Taste bud cells, the sensory end organs that transduce chemical stimuli into neural signals conveyed to the central nervous system, reside in taste papillae in the mammalian tongue. Therefore, taste papillae host the epithelium that will differentiate to include taste bud cells. However, the field of taste biology lacks a complete understanding of: (1) what constitutes possible taste cell precursors in developing papillae; (2) how and when the precursors differentiate in lingual epithelium to acquire taste papilla and taste bud cell phenotypes; and (3) how and via what factors the underlying mesenchyme signals to tongue epithelium in papilla and taste bud development. Our preliminary data on neural crest (NC) derived cell distributions in lingual epithelium, and of phenotypic alterations of tongue and taste papillae induced by genetic modifications in mesenchymal NC derived cells, suggest neural crest contributions to both epithelium and mesenchyme in the formation of taste organs. Cre- mediated, tissue-specific, genetic labeling and modifications provide powerful tools for these cell lineage assays and functional analyses. Two well-characterized transgenic mouse lines for NC assays, Wnt1-Cre and P0-Cre, are used. We have found that: (1) In tongue epithelium, both Wnt1-Cre and P0-Cre labeled NC derived cells are seen including taste papillae and taste buds (abundant in P0-Cre, infrequent in Wnt1-Cre) suggesting a potential NC derivation of taste cells which leads to a new concept in the field. P0-Cre labeled cells are first distributed in single, scattered elements at early stages to a clustered pattern later in taste papillae and taste buds. We propose that the single, scattered P0-Cre labeled epithelial cells are NC precursors and these will undergo cell differentiation to specific cell types in taste papillae and taste buds. (2) In tongue mesenchyme, Wnt1-Cre labeled NC derived cells are closely associated with taste papillae and taste buds. Wnt1-Cre driven, conditional genetic modifications of type I receptors Alk2 and Alk3 for bone morphogenetic proteins (BMPs) significantly alter the tongue, taste papilla and taste bud formation and maintenance in a level-, stage- and receptor-specific manner. This suggests that BMP signaling in tongue mesenchyme, via distinct receptors, interacts with the overlying epithelium for different roles in the development of tongue, taste papillae and taste buds. The proposed studies will address fundamental issues about formation of the taste papilla organ, using modern techniques (Cre-mediated genetic modifications) and combination of in vivo and in vitro studies. Our goals are to:
(Aim 1) demonstrate the optimal stage (1a) and primary cranial region (midbrain or hindbrain) (1b) of NC cell migration into the epithelium of tongue primordium; when and how many these cells differentiate in lingual epithelium to acquire specific cell phenotypes (1c); what types and proportions of taste bud cells are derived from NC (1d);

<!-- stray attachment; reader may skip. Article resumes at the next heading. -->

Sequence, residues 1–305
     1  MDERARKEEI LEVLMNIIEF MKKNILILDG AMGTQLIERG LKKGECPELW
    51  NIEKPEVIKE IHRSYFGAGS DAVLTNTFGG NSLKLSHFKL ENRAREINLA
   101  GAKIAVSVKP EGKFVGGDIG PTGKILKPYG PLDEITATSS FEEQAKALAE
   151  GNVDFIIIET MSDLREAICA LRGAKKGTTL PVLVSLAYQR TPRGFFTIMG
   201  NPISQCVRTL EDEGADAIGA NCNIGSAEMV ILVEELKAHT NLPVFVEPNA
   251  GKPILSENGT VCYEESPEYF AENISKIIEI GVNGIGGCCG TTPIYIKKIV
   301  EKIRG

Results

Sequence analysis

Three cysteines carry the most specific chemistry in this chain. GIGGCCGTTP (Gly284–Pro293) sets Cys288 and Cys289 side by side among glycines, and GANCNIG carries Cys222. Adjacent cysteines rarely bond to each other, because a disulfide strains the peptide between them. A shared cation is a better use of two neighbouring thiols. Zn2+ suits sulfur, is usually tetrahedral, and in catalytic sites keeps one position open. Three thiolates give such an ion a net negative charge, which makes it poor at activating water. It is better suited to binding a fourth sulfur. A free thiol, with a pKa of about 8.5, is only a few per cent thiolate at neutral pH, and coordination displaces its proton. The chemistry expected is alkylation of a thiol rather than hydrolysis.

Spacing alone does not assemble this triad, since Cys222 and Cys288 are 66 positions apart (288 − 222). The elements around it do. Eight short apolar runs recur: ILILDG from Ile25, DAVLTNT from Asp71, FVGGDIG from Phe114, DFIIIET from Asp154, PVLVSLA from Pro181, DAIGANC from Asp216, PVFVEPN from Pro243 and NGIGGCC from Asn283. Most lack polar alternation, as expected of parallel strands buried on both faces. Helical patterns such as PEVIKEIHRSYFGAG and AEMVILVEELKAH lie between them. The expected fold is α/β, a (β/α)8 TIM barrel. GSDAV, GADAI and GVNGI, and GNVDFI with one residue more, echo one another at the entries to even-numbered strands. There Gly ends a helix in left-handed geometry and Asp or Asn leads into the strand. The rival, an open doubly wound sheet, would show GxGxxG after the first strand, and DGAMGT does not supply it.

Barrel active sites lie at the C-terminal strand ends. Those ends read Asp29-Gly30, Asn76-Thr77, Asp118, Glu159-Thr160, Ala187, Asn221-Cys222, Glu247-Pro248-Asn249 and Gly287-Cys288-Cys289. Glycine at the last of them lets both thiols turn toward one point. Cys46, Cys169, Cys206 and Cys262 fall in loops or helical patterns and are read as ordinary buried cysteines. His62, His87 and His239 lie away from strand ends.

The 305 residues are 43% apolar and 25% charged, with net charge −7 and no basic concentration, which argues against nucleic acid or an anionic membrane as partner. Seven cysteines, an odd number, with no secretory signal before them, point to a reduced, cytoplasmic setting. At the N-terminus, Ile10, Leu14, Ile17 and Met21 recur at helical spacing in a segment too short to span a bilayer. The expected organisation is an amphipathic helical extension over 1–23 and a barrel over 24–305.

(Aim 2) characterize how the BMP signaling in tongue mesenchymal NC derived cells, via distinct type I receptors (ALK2 and ALK3), interacts with the overlying epithelium in the development and maintenance of tongue, taste papillae and taste buds, with genetic modifications to (2a) down-regulate BMP signaling activity with Wnt1-Cre driven conditional knockout of Alk2 or Alk3; and (2b) up-regulate BMP signaling with Wnt1-Cre driven conditional constitutive activation of each receptor. Overall, the proposed studies for demonstration of cell origin, differentiation and mesenchymal interactions in taste papillae and taste buds will contribute to understanding development of the taste organ and will bring new information and novel perspectives to the field for neural crest contributions to taste papillae and taste bud cells.
The sense of taste informs our nutritive choices, which are essential for life and quality of life. To identify and guide ingestion of appropriate nutrients, wich regulates homeostasis and body mass, taste function must be intact. Lack of basic information about taste organ development is a main impediment for understanding emergence of taste disorders that deregulate ingestion. In mammals, taste bud cells in lingual taste papillae transduce chemical stimuli into signals conveyed to the central nervous system. The field of taste biology lacks a clear understanding of what constitutes possible taste cell precursors in developing papillae. There is no detailed, complete information about cell differentiation of the early lingual epithelium and how the underlying mesenchyme signals to lingual epithelium in papilla differentiation. Studies on fundamental issues, e.g., cell origin, differentiation and mesenchymal interactions of taste papilla and taste bud cells, will bring new information and perspective to the field for how the distribution and density of tongue taste organs are determined.
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